A couple of years ago I decided to give up cheese for Lent (I know, how utterly foolish). Cheese isn’t as bad for you as a McDonalds everyday – unless you eat the whole block – so my reasoning for this 46 day ban was rather pointless, except I wanted to see if I could do it. And, I’m proud to say, I did.
There were set backs, that goes without saying! I came home one evening to discover my housemates had arranged a cheese and wine night with friends. (I still haven’t received confirmation whether this was because of my abstinence at the time, although something tells me it was. I was the confirmed cheese-fiend of the group.) I spent the night with humous and some woebegone bread-sticks while the Camembert oozed and the apricot-studded Wensleydale winked coquettishly. Meanwhile, I endured my friend taunting me with cheese offerings, ‘Would you like some of this creamy garlic cheese on that bread-stick Ally?’ He received casual shrugs while I desperately scraped the consolatory humous tub.
Lent is the time of temptation. Tisn’t the season to be jolly.
In keeping with Lent’s traditions most people will sacrifice food whether wholeheartedly refusing a plethora of different temptations, or instead as a social experiment, much like my cheese fast. My mum and sister have given up sugar this year which, in my opinion, is shocking and terrible. Although, it is meant to be better for you. But not much fun.
Those who give up alcohol have their work cut out. Isn’t it interesting how difficult alcohol is to avoid? It’s widely available, it is necessary for certain social interactions, and those who choose not to drink are regarded with surprise. While you’re at home it’s easy enough to dodge, but when you see friends (especially in London when there is no designated driver excuse) it’s a whole other matter. There are after-work pub trips, leisurely weekend catch-ups over lunch, romantic nights in. I gave up alcohol for another pointless yet determined experiment and typically it was summer-time when everyone is gallivanting around with Pimm’s full of strawberries and cucumber, cooling cocktails or sophisticated Sauvignon blancs. I proudly sipped my cranberry juice with a dash of disdain for my fellow drinkers but before long the novelty wore off. Anyway, I digress.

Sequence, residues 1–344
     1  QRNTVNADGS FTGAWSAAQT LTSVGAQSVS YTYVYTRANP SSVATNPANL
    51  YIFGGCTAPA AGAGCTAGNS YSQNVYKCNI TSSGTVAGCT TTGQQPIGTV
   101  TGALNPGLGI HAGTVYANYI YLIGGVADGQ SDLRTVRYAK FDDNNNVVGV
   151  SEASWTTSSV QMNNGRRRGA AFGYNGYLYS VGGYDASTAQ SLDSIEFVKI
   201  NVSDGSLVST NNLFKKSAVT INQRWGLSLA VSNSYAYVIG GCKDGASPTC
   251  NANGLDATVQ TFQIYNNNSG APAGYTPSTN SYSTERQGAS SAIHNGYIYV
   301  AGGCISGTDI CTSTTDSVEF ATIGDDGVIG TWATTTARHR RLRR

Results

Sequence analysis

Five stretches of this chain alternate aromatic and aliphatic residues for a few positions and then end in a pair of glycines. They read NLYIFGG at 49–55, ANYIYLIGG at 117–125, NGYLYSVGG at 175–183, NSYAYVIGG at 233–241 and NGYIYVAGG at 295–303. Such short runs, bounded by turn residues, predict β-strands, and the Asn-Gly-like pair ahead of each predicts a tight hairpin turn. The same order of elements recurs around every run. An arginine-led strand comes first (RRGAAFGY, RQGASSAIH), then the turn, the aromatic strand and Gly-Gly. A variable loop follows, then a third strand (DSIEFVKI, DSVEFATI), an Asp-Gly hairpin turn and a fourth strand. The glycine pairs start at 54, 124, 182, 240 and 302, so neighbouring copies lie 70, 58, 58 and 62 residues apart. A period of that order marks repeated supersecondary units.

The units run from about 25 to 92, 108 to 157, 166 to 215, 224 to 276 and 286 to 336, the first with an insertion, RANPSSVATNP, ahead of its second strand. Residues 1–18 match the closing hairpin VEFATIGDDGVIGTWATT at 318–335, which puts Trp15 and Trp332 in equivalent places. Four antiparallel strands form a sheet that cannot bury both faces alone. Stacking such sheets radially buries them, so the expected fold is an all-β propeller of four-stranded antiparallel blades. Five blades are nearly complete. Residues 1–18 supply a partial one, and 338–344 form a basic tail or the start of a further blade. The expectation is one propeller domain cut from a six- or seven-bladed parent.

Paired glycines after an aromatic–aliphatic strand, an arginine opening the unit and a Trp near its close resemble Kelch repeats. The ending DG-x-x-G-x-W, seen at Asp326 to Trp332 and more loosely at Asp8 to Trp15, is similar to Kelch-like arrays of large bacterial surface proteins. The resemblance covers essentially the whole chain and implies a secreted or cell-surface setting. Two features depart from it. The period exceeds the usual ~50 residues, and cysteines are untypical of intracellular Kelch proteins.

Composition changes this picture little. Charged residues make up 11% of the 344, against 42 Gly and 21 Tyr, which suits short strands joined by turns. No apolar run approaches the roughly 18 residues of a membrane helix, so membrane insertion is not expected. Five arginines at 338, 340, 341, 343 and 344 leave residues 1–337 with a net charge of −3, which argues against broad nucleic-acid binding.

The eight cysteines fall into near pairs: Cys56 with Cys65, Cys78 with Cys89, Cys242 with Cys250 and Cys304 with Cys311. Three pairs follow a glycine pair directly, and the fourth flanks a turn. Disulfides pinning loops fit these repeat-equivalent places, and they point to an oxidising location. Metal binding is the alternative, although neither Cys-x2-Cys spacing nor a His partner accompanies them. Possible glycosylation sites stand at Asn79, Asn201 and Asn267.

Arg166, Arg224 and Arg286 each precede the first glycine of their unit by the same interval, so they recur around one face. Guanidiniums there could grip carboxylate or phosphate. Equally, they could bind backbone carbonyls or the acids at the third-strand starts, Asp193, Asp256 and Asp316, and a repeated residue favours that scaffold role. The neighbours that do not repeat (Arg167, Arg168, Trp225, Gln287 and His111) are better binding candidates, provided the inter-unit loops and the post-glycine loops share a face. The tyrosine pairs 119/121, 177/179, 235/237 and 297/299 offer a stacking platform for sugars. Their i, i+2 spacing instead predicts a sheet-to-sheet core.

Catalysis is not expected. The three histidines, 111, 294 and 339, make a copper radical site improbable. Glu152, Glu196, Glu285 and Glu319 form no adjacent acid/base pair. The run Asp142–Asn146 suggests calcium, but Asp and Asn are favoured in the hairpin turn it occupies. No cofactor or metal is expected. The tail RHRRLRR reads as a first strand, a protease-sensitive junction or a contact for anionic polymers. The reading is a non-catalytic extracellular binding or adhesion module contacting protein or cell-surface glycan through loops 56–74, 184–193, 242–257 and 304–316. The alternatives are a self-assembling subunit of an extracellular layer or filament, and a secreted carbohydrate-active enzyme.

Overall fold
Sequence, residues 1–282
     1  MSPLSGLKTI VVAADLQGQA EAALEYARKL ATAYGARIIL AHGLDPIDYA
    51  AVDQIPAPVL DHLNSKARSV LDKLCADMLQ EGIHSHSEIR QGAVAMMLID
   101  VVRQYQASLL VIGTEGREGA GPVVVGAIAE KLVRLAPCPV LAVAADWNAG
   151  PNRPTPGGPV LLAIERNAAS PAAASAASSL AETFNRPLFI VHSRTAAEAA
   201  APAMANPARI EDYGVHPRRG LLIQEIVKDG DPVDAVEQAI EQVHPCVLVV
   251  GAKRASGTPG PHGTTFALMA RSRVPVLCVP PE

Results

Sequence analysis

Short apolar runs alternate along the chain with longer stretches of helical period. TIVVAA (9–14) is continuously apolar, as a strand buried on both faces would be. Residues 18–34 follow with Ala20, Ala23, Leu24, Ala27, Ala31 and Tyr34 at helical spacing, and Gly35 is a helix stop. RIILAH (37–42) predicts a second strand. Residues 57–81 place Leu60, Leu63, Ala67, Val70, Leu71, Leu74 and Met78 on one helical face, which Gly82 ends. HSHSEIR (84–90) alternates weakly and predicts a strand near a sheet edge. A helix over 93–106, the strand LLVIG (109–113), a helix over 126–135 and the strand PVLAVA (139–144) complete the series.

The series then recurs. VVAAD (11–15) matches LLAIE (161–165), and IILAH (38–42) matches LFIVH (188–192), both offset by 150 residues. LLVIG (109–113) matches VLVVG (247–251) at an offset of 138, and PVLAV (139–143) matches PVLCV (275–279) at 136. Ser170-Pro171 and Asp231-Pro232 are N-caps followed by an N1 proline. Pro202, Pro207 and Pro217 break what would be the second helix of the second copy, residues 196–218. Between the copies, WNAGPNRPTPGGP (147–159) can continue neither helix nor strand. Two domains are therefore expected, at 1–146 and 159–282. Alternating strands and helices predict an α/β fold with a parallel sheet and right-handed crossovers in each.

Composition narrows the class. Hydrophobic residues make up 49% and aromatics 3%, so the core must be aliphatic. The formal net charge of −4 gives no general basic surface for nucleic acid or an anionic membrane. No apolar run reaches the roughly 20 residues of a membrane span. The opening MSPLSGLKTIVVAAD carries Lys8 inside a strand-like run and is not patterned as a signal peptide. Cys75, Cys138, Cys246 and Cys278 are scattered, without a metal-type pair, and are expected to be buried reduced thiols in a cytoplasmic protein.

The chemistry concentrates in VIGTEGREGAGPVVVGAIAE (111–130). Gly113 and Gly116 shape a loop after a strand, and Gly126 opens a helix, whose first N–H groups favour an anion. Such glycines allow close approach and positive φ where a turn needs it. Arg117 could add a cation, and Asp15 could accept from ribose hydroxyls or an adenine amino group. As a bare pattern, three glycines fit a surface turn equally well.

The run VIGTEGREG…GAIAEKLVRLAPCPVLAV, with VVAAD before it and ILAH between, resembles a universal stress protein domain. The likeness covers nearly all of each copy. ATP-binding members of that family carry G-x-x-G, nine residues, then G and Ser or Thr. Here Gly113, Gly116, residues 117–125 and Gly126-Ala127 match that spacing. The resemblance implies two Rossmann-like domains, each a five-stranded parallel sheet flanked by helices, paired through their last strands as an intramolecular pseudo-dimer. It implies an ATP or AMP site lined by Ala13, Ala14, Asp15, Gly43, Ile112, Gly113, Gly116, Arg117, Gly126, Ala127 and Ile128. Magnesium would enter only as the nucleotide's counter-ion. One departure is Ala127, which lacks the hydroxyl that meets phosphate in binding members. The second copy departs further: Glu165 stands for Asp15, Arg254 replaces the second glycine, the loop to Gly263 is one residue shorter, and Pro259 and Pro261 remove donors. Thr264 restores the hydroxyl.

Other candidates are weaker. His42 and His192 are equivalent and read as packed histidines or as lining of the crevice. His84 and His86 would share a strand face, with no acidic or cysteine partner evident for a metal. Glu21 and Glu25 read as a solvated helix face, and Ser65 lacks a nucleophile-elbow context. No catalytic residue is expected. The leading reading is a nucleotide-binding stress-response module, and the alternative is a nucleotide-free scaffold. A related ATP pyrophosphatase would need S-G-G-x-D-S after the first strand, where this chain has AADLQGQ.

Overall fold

Temptations wouldn’t be what they are if they weren’t advertised, cavorting around everywhere you look. Chocolate companies are particularly devilish, releasing alluring varieties of mini eggs for the ‘limited pre-Easter period’. By claiming these naughty nibbles are ‘limited’ they are beckoning at you seductively, whispering that if you don’t take this opportunity you won’t get the chance again. Lent is then thrown haphazardly out the window.
Emboldened by my previous experiences of food sacrifice I have inevitably given something up. This year it is junk food. No more £1 bags of chewy cookies, no take-aways, no delectable mini Danish pastries glistening with apricot jam, no chocolate bunnies one of which is staring at me with its foil covered eyes as I write this, counting down the days until Easter like some evil sugar-filled china doll. However, I’ve allowed myself a loophole. Unlike Fiona and my mum, I could not cope without sugar – I just like cake too much. So, if I am ever drawn by temptation I am allowed junk food but only if I bake it first.
This sounds like a cheeky Get Out of Jail Free card but I must admit it is more frustrating than it seems. After dinner I always crave something sweet but now instead of nibbling on chocolate or helping myself to a Jaffa Cake I must take out my scales and start baking. What with the purists’ sugar ban elsewhere in the house I am only baking for myself which is quite alarming when you make a tray of biscuits and have to eat all of them. I’m well accustomed to the wave of regret when you see the empty tray a few hours later.
That said, I couldn’t resist baking hot cross buns. They are my Lent weakness (especially as you’re besieged by piles of them when you enter a supermarket – at only £1 a packet…) Golden and spiced fruit buns, they are integral to Easter, perfect with cups of tea throughout the spring. The heady scent as they bake is warming, sweet and doughy, the kind you want to crack open through the crust and steam your face with before you smother it liberally in butter.
I followed the Guardian’s How to Cook Perfect Hot Cross Buns recipe which has resulted in sixteen deeply golden pert balls stuffed with currants and candied peel. The dough is delicately spiced with cinnamon, nutmeg, cardamom, cloves and saffron, making these buns rich and far too indulgent for Lent. As you can see the crosses became a little erratic as the flour and water paste was slightly too thin and ran out quickly. I suggest doubling the quantity of flour, adding minute splashes of water until the paste is stringy and easy to dollop or pipe. Better to have excess mixture for proud pronounced crosses!
Now I just need to work out how I’m going to eat all sixteen without feeling guilty.
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